During the 2008 recession, thousands of businesses were forced to close their doors for good. That number actually grows if you consider the employees, entrepreneurs, and other individuals who had to either find another job or file for unemployment.
With another recession possibly on the horizon, it's a safe bet to say that this can, and most likely will happen again. Doors will shut, business owners may struggle to retain their assets, and some businesses may never rebound. So how can you, as a small business owner, make sure that you don't find yourself in this predicament?
Choose the correct legal framework.
While many people want to be a startup founder or a small business owner, that doesn't mean every one of them knows how to protect a business and its assets. Becoming an LLC or S-Corp doesn't automatically remove your risk. Keeping insufficient insurance for your business can be a disaster, opening you up to issues if the legal framework of your business isn't optimal.
Before you do anything else to recession-proof your business, focus on making sure your business is built on the best legal foundation possible. Consulting with a lawyer, accountant, adviser, and trusted bank are essential in keeping your business assets secure and airtight.
Pay off debts (both personal and business).
Paying off debts isn't just for those looking to improve their personal finances. It's equally important for small business owners who want to see more profit than loss. Debt hanging over your head is never a good idea, even if you think your business can handle it. While debt doesn't necessarily predict a business's failure, carrying debt longer than you have to isn't a good business practice.
As an entrepreneur, stressing about personal debt can cause you to make rash business decisions, or at the worst, "borrow" from your business. You're supposed to invest in your business, not take from it. And during economic troubles, businesses with less debt are more likely to thrive than those struggling with it.
Securing collaborations are essential to small business owners. While many large corporations may not even feel the sting of a recession, a small business can quickly go underwater if it's competing against the business in its niche. To protect your company, secure partnerships with other companies that relate to your business but aren't in the exact same niche as you.
For example, a wedding planning company with connections in the floral, hospitality, and event planning industries that don't take on wedding clients is more likely to thrive versus the wedding planning company that doesn't have those connections.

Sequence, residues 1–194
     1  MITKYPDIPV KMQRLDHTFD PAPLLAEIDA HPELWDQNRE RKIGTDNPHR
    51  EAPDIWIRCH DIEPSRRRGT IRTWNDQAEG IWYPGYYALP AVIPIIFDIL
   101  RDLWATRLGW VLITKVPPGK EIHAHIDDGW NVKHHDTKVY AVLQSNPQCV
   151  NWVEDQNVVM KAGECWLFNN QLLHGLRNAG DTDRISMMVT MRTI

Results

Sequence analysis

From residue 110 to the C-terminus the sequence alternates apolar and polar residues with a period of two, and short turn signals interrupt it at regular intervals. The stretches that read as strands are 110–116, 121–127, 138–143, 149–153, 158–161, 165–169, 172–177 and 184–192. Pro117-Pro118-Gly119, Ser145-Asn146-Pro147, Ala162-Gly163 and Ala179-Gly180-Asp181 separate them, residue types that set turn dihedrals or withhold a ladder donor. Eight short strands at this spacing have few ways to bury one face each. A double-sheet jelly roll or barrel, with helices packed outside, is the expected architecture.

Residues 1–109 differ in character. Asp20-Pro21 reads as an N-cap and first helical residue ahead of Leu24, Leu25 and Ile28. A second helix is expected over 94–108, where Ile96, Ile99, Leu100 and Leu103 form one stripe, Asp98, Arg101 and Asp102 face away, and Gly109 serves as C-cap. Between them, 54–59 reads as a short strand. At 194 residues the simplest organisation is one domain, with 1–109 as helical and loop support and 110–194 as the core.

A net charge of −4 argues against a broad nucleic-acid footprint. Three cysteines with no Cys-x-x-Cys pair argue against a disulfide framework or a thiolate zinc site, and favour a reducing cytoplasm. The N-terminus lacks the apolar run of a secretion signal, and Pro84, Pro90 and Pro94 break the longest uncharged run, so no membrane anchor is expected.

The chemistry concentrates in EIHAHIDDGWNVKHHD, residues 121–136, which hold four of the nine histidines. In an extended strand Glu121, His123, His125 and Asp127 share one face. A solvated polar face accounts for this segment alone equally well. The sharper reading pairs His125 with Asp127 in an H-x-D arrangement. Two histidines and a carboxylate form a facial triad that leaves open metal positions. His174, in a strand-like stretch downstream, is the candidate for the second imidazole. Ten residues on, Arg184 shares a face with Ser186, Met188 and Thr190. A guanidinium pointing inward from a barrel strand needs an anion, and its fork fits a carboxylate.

Capitalize on current customers.
While it's important to continue to grow your customer base, keeping current customers satisfied can keep your business in the black. The major issue with trying to attract new customers is that you have to spend time, money, and effort marketing to them, building their trust and pitching to them. All of that attention may not even pay off if new customers are looking to save money during a recession, so focusing on existing, loyal customers is the smartest move. It helps you save money, continue to provide value, and increase profits.
Be both broad and niche.
While you should have a specialty to market to your ideal customer, being too specialized can hinder your business when the next recession hits. Instead, focus on offering value to your customers, being a bit different in your industry (but not too left field), and being broad enough that you can make changes and tweaks as needed to expand your customer base.
Be budget conscious.
Even without debt, a business can struggle during a recession if it isn't budget conscious. Keep a close eye on inventory, staff, finances and spending. Be ready to change course or make necessary cuts.
Along with watching what you spend, invest wisely. Avoid too many spontaneous purchases. Do your research, survey your market, and consider alternative options before investing in something. While you will need to invest continuously in order to keep growing, investing in the wrong items is a waste of money for a startup. That money could be better spent elsewhere.
Don't stop marketing.
Satisfying current customers is highly important for keeping your business alive, but that doesn't mean you should stop marketing altogether. It doesn't have to break your budget. Social media and websites provide an effective platform for small business owners to market without spending too much.
Social media is free. Options like Facebook ads and email marketing are low cost compared to a TV commercial. Staying in the public eye is essential to enduring a recession. If potential customers don't know you exist, they can't use your products or services. So, utilize inexpensive options if you have to, but don't stop marketing.